The topic touches on several areas simultaneously that I find fascinating – neuroscience, computer technology, virtual reality, and predicting future technology. I make the point, as I often do, that predicting future technology has a terrible track record, with the only reasonable conclusion being that it is very difficult.

It’s fun to look back at past future predictions and see what people generally got right and what they got wrong, and then see if we can learn any general lessons that we can apply to predicting future technology.

Major Hurdles

For example, we are not all flying around with jetpacks or taking our flying car to work. This has become, in fact, a cliche of failed future technologies. I think the lesson here is that both of these technologies suffer from a major hurdle – fuel is heavy, and if you have to carry your fuel around with you it quickly becomes prohibitive. There just doesn’t seem to be any way to overcome this limitation with chemical fuel or batteries.

Continue Reading »

9 responses so far

Nov 07 2013

Early Detection of Autism

Part of the impetus for the fringe belief that vaccines are somehow causally related to the development of autism is that the signs of autism often become apparent at 2-3 years of age, after children have received many of their routine childhood vaccinations. (Average age at diagnosis is 3.1 years.) In an otherwise healthy child, the vaccines might be the only thing the parents can think of that could be a potential cause.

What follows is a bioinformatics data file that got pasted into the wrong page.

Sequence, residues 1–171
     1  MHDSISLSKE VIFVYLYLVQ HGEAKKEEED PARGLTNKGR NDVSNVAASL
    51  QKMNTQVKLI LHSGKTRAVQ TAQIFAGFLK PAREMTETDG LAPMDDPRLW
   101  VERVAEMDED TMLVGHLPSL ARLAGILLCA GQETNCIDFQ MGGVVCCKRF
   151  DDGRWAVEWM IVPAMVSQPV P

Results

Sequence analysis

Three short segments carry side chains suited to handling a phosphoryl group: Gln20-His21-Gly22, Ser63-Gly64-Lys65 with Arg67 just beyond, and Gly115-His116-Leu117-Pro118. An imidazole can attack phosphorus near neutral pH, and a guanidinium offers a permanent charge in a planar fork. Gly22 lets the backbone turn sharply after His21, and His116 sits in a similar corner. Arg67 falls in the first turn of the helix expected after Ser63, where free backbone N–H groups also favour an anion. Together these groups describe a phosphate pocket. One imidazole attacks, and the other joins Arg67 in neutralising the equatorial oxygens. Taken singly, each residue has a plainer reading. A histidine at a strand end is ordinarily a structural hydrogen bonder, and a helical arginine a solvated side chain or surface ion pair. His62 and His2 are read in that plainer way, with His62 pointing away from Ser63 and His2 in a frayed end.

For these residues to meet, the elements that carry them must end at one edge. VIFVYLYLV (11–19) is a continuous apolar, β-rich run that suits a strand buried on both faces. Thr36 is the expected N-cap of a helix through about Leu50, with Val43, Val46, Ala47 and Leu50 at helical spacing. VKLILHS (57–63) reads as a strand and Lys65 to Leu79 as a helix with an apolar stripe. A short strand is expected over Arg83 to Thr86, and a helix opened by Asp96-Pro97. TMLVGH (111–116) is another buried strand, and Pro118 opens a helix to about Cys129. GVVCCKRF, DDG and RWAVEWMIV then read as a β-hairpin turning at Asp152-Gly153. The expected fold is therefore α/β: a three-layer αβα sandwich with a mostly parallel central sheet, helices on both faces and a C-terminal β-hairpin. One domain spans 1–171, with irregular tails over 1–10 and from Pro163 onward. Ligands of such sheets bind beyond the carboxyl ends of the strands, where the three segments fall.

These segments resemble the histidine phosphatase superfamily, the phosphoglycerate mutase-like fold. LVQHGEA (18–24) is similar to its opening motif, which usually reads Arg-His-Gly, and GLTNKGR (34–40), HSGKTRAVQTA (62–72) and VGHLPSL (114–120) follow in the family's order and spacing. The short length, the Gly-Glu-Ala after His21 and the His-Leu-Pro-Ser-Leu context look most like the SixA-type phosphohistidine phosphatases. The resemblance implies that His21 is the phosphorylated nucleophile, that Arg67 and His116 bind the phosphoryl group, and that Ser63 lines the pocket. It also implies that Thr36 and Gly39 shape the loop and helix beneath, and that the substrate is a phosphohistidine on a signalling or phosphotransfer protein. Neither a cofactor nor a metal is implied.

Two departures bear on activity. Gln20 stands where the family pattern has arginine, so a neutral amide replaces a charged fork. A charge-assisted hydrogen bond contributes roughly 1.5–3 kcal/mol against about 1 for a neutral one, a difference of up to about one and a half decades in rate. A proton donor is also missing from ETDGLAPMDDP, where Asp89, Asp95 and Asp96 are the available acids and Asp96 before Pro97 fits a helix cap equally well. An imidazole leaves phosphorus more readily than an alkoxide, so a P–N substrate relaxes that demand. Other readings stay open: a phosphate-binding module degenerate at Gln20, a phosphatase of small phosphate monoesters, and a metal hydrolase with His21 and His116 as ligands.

Signs of autism are not clinically noticeable prior to 6 months of age. From about 6-18 months the signs can be detected by careful clinical observation, but may be missed by parents. During this time parents may become slowly aware that their child is not developing as expected, and the creeping suspicion that something is not quite right often culminates in a diagnosis between age 2-3.

The phenomenon of temporal binding may then cause the parent’s memories to shift over time so that the temporal correlation between getting vaccines and signs of autism appearing become closer together. For some parents this can become a very powerful memory – my child was perfectly normal, then he received vaccines and started to show signs of autism.

Continue Reading »

9 responses so far

Next »